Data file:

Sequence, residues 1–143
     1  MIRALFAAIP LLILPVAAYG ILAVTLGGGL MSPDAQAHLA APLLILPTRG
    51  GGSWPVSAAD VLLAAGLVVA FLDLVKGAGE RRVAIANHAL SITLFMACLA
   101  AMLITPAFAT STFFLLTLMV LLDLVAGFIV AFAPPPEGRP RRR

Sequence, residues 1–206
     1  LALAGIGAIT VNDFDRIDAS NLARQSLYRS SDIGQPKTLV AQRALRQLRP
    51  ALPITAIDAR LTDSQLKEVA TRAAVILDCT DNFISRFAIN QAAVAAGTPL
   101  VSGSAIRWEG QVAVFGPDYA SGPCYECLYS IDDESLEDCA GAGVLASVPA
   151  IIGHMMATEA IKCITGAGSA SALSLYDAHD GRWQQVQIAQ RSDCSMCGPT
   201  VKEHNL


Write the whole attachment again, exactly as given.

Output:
Sequence, residues 1–143
     1  MIRALFAAIP LLILPVAAYG ILAVTLGGGL MSPDAQAHLA APLLILPTRG
    51  GGSWPVSAAD VLLAAGLVVA FLDLVKGAGE RRVAIANHAL SITLFMACLA
   101  AMLITPAFAT STFFLLTLMV LLDLVAGFIV AFAPPPEGRP RRR

Sequence, residues 1–206
     1  LALAGIGAIT VNDFDRIDAS NLARQSLYRS SDIGQPKTLV AQRALRQLRP
    51  ALPITAIDAR LTDSQLKEVA TRAAVILDCT DNFISRFAIN QAAVAAGTPL
   101  VSGSAIRWEG QVAVFGPDYA SGPCYECLYS IDDESLEDCA GAGVLASVPA
   151  IIGHMMATEA IKCITGAGSA SALSLYDAHD GRWQQVQIAQ RSDCSMCGPT
   201  VKEHNL